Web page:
Abrahm Lustgarten

Senior Reporter

Photo of Abrahm Lustgarten

Abrahm Lustgarten is a senior environmental reporter, with a focus at the intersection of business, climate and energy. He is currently covering changes at the U.S. Environmental Protection Agency, and working on a project about pollution at U.S. Defense sites. His 2015 series examining the causes of water scarcity in the American West, “Killing the Colorado,” was a finalist for the 2016 Pulitzer Prize for national reporting and received the 2016 Keck Futures Initiative Communication Award from the National Academies of Sciences, Engineering, and Medicine. Lustgarten co-produced the 2016 Discovery Channel film “Killing the Colorado,” and has previously worked with PBS Frontline, including on the 2010 documentary “The Spill,” about how BP’s corporate culture of recklessness and profiteering led to the Deepwater Horizon tragedy. That film was nominated for an Emmy. His early investigation into the environmental and economic consequences of fracking was some of the first coverage of the issue, and received the George Polk award for environmental reporting, the National Press Foundation award for best energy writing, a Sigma Delta Chi award and was honored as finalist for the Goldsmith Prize.

Before joining ProPublica in 2008, Lustgarten was a staff writer at Fortune. His work has appeared in The New York Times, The Washington Post, The Atlantic, Scientific American, Wired, Salon, and Esquire, among other publications. He is the author of two books; “Run to Failure: BP and the Making of the Deepwater Horizon Disaster,” and also “China’s Great Train: Beijing’s Drive West and the Campaign to Remake Tibet,” a project that was funded in part by a grant from the MacArthur Foundation. Lustgarten earned a master’s in journalism from Columbia University in 2003 and a bachelor’s degree in anthropology from Cornell.

Drilling Industry Says Diesel Use Was Legal

After three members of Congress found that drilling companies used more than 32 million gallons of diesel fuel to hydraulically fracture oil and gas wells between 2005 and 2009, the industry is fighting back, not by denying the accusation, but by arguing that the EPA never fully regulated the potentially environmentally dangerous practice in the first place.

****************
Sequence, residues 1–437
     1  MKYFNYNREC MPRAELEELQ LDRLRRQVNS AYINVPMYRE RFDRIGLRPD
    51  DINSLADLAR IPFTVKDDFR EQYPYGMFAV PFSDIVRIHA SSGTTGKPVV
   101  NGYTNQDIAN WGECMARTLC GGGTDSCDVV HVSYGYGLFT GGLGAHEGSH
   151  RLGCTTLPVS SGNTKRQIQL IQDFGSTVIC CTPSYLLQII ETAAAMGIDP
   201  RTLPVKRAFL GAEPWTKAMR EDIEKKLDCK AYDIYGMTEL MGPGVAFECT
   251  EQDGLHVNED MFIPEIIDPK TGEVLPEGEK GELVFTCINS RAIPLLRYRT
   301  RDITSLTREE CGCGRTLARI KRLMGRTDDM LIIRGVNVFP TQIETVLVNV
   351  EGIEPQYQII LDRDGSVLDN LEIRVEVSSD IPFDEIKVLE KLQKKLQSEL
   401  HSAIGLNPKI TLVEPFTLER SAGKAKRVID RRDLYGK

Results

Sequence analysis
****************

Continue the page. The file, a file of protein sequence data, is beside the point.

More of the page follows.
Clearing the Air on ProPublica’s Drilling Pollution Story

ProPublica responds to a pro-drilling industry group that questioned the veracity of its story on greenhouse gas emissions from gas fields

Climate Benefits of Natural Gas May Be Overstated

New emissions estimates by the Environmental Protection Agency cast doubt on the assumption that gas offers a quick and easy solution to climate change.

Opponents to Fracking Disclosure Take Big Money From Industry

The Interior Department wades into controversy as it mulls whether to require drilling companies to disclose the chemicals they use to frack wells drilled on public lands.

Déjà-vu? The National Commission Report on BP’s Gulf Disaster Echoes Old Findings

Last May, President Obama established the National Commission on the BP Deepwater Horizon Oil Spill and Offshore Drilling to unravel the circumstances that led to the April 20, 2010 disaster in the Gulf. A sneak-peek chapter made public on Wednesday didn’t actually conclude anything new.

Science Says Methane in PA. Water Is from Drilling, Not Natural Causes